President Trump’s re-election chances should be in dire straits – impeachment is not usually a good look. But people shouldn’t get ahead of themselves by reading too much into the tea leaves.
The truth is that structural factors are the most important determinants of presidential electoral outcomes: the economy, his approval ratings, his incumbency, among other factors. There are vast amounts of literature demonstrating this. Trump is in a strong, if not dominant position, given his metrics. He is still as positively regarded as Obama was at this point in his presidency, because of how polarised American votes now are.

One overlooked factor in Trump’s ultimate electability or demise is his savant-like ability to drive the agenda.

Let’s look at immigration as a national priority. Put simply, Trump took an issue that had never commanded much focus and brought it to America’s attention.

He achieved this by tapping into underlying grievances and concerns about immigration and connecting them to a running series of events illustrating the ‘danger’ posed by immigrants. Sprinkle in a series of exaggerated (and headline grabbing) comments and a supportive media ecosystem and we then have Trump’s almost superhuman ability to shape the national agenda.

But Trump’s superpower appears to have gone somewhat dormant in late 2019.

Since late summer, and particularly since the impeachment inquiry formally launched, the percentage of Americans registering immigration as the main issue facing the country has dropped precipitously.

Has Trump lost his superpowers?

The underlying fundamentals have not changed. Migrant detention camps still operate along the southern border, bans on refugees are still in effect, and the ‘Squad’ (the nickname for four progressive lawmakers whom Trump recently targeted on Twitter) are still in Washington. Yet President Trump has been distracted from this once prominent issue. The possibility of impeachment has drowned out other signature issues for Trump, including immigration.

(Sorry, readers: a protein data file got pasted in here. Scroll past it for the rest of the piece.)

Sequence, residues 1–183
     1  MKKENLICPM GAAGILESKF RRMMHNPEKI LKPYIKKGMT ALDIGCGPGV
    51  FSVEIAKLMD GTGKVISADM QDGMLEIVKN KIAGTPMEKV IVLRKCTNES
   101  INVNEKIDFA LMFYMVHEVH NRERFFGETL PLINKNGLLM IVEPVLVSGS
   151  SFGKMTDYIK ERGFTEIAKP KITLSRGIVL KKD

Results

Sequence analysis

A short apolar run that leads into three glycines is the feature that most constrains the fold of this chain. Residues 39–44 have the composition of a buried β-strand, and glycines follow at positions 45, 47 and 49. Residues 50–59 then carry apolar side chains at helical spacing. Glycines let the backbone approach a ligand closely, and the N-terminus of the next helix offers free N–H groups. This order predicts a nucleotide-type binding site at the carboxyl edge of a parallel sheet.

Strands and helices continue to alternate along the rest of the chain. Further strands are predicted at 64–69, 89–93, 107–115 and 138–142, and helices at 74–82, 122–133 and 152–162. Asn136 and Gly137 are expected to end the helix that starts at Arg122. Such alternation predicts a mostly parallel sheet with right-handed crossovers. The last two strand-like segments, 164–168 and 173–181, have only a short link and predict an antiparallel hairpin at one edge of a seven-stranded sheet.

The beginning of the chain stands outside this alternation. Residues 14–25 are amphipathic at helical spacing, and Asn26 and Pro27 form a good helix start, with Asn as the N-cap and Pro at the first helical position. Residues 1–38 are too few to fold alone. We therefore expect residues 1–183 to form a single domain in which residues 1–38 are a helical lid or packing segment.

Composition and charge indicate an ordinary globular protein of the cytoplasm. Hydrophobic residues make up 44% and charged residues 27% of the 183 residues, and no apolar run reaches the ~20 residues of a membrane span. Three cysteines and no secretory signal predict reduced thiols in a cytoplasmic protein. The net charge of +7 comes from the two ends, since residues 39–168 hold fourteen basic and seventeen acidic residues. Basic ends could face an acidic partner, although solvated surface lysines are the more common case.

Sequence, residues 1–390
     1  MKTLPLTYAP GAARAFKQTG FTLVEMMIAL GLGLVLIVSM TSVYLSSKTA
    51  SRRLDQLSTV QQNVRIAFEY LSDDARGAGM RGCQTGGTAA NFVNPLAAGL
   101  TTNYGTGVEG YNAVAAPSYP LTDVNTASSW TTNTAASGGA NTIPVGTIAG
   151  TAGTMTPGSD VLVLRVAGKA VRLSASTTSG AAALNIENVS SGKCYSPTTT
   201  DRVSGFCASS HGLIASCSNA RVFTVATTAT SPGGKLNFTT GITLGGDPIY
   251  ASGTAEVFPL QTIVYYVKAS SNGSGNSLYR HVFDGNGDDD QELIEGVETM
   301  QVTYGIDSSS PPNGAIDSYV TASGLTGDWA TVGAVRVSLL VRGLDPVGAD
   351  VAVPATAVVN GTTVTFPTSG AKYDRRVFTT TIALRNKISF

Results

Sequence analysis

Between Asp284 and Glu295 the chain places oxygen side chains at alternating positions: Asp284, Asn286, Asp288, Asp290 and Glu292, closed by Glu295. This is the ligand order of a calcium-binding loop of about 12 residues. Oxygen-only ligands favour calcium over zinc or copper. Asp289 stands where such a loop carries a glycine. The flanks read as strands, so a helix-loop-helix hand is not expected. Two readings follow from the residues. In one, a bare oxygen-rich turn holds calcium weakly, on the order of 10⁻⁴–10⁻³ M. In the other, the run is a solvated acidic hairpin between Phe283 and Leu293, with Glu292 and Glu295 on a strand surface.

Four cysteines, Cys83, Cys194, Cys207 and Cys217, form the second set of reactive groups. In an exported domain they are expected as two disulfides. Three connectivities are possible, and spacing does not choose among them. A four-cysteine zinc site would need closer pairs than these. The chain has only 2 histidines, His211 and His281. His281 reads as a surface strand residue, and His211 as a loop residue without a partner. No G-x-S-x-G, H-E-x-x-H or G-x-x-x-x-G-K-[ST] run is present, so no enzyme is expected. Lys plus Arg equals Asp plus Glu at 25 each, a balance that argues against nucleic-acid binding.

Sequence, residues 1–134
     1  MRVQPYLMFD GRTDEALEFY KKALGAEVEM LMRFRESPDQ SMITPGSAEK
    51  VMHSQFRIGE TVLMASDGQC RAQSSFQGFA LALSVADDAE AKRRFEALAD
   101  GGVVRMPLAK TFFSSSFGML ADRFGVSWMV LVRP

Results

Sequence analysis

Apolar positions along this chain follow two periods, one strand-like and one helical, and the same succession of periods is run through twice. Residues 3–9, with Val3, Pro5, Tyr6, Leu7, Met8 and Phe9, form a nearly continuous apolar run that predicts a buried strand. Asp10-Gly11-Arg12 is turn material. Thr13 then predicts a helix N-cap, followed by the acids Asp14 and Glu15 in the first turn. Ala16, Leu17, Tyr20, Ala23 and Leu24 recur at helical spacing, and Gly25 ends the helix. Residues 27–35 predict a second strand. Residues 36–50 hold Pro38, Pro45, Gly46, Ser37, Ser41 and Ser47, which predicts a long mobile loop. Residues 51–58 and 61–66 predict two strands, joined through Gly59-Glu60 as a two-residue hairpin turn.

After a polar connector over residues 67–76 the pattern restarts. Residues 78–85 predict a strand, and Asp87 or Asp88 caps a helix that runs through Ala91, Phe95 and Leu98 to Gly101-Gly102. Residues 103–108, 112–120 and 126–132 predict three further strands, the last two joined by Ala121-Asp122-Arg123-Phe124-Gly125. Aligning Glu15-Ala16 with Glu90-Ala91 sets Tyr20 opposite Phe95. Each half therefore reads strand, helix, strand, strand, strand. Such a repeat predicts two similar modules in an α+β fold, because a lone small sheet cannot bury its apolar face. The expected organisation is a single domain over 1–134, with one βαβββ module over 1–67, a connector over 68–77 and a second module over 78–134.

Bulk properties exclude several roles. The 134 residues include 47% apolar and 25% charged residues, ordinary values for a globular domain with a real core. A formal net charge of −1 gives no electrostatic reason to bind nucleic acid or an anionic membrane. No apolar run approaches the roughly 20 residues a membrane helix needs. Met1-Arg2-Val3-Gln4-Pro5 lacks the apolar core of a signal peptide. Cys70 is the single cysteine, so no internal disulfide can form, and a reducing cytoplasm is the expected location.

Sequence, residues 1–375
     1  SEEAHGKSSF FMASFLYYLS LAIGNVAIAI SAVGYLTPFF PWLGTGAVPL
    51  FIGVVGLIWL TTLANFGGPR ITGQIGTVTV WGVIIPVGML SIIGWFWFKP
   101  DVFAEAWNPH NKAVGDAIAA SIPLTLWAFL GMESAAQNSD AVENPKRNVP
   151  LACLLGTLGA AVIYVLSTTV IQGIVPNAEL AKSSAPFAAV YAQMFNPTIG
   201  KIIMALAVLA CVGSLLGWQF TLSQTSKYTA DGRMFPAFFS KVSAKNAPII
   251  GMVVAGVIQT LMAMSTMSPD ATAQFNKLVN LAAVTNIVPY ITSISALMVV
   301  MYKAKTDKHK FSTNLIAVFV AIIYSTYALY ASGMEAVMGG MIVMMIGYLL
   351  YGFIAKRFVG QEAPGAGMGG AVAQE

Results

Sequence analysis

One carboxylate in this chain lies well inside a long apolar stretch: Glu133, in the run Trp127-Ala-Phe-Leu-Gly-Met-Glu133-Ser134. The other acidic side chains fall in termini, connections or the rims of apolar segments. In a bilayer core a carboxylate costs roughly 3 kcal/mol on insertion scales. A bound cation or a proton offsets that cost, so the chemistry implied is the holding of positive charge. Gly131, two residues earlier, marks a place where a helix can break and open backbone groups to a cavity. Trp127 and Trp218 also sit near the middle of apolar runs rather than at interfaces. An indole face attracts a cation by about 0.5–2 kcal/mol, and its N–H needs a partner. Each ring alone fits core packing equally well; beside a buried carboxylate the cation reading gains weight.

Fox News, a reliable mirror of Trumpian priorities, also pivoted away from a focus on immigration as the impeachment inquiry gains steam. A dramatic spike in mentions of the word ‘impeachment’ on occurred around the same time that we see a decline in mentions of the word ‘immigration’.

From these numbers, we can see how easily Trump influences the national dialogue. His ability to keep his base focused on issues such as immigration has been key to energising his Republican base.
Looking forward, what should we expect?

It is still the case that structural factors, and his dedicated base of support put Trump in a solid position, where his odds of winning re-election in 2020 should be about 50/50.

People should not underestimate Trump’s ability to shift the agenda to be more favourable to him. Ultimately, the key for Trump will be his ability to refocus his attention on those issues, such as immigration, that resonate with his supporters. In contrast, the Democrats need to prolong the impeachment process for as long as possible. This might be the only way to staunch Trump’s ‘superpower’.

Our advice? Buckle up for Trump’s second-term, with all that implies for global political instability for the next few years.